Case Digest: Land Bank v. Atty. Gonzales

G.R. No. 185821 : June 13, 2013




Respondent Atty. Ricardo Gonzales is the registered owner of two contiguous parcels of land devoted to coconut production total of 3 hectares located at Agusan del Norte. The subject property was tenanted by spouses Virgilio and Espera Tagupa, spouses Valeriano and Erlina Inoc, spouses Isidro and Eden Soria and spouses Rudy and Rosario Peligro.

Pursuant to the Comprehensive Agrarian Reform Program (CARP), respondent voluntarily offered to sell the subject property to the Department of Agrarian Reform (DAR) for 250,000 per hectare. Respondent informed the Municipal Agrarian Reform Officer (MARO) that the lands average annual net income is P100,000.

The DAR and the Land Bank of the Philippines (LBP) valued the subject property at P150,265.17 per hectar. Respondent rejected the valuation but the LBP deposited P60,318.20 of the said sum in cash and P90,477.31 thereof in bonds in the name of respondent.

Disappointed with the low valuation, respondent filed before the SAC a petition for just compensation against the LBP, the DAR and the tenants of the subject property.

With the conformity of the parties, the SAC appointed members of the Board of Commissioners to determine the amount of just compensation. The Board recommended that the portion of the subject property devoted to coconut production be valued at P100,000 excluding the trees planted thereon, valued at P400 per tree, and that the portion devoted to rice production be valued at P150,000. Both parties objected to the said report.

SAC opined that respondents asking price was quite high, while LBPS valuation was considerably low. SAC opined that P143,904.23 was the fair valuation. Both DAR and LBP sought reconsideration but SAC denied.

The CA affirmed the findings and ruling of the SAC. The CA found that the SAC actually took into consideration factors enumerated in Section 17 of R.A. no. 6657 in the valuation of the subject property, and said valuation was supported by evidence on record.

ISSUE: Whether or not there was just compensation

HELD: Decision of the Court of Appeals is hereby reversed and set aside.

POLITICAL LAW: just compensation

Section 17 of R.A. No. 6657 is the principal basis of the computation for just compensation in this case. While the determination of just compensation is essentially a judicial function vested in the RTC acting as a SAC, the judge cannot abuse his discretion by not taking into full consideration the facts specifically identified by law and implementing rules. SACs are not at liberty to disregard the formula laid down in DAR A.O. No. 5 series of 1998, because unless an administrative order is declared invalid, courts have no option but to apply it. Simply put, courts cannot ignore, without violating the agrarian reform law, the formula provided by the DAR for the determination of just compensation.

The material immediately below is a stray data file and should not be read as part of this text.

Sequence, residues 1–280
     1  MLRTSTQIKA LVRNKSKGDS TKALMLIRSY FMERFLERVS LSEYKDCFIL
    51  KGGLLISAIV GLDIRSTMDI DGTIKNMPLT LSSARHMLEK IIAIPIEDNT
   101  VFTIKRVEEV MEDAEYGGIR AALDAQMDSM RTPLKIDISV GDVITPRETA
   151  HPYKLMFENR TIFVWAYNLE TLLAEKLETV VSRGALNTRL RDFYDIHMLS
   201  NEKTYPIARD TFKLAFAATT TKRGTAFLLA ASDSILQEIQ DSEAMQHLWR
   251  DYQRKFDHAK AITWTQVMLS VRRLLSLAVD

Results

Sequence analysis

While the SAC actually used the formula provided in DAR AO No. 5, series of 1998, no reliable and verified production data was cited as basis of AGP. Instead the SAC simply declared that it took judicial notice of the fact that the value of the Philippine peso had nose dived. However, the devaluation of the Philippine currency is not among those factors enumerated, which the trial court is required to consider in determining the amount of just compensation.

1. Acquisition cost of the land
2. The current value of the properties
3. Its nature, actual use, and income
4. The sworn valuation by the owner
5. Tax declaration
6. Assessment made by government assessors.
7. The social and economic benefits contributed by the farmers and the farmworkers, and by the government to the property
8. The non-payment of taxes or loans secured from any government financing institution on the said land if any

In sum, LBPs valuation sufficiently substantiated and in accordance with Section 17 of R.A. No. 6657 and DAR A.O. No. 5 series of 1998. The court declares the valuation by LBP in the amount of P150,795.51 as just compensation for the properties.

POLITICAL LAW: interest in expropriation cases

It is established that in expropriation cases, interest is due the landowner if there was delay in payment. The imposition of interest is in the nature of damages for the delay in payment, which in effect makes the obligation on the part of the government one of forbearance. It follows that the interest in the form of damages cannot be applied where there was prompt and valid payment of just compensation. Records show that LBP fully paid respondent in the amount P150,795.51 with dispatch, and he himself acknowledged the receipt. Moreover in Land Bank of the Philippines v. Kumassie Plantation Company, Incorporated, we held that the mere fact that LBP appealed the decisions of the SAC and the CA does not mean that LBP deliberately delayed the payment of just compensation to the landowner. Having only exercised its right to appeal, LBP cannot be penalized by making it pay for interest.

Petition for review is GRANTED.


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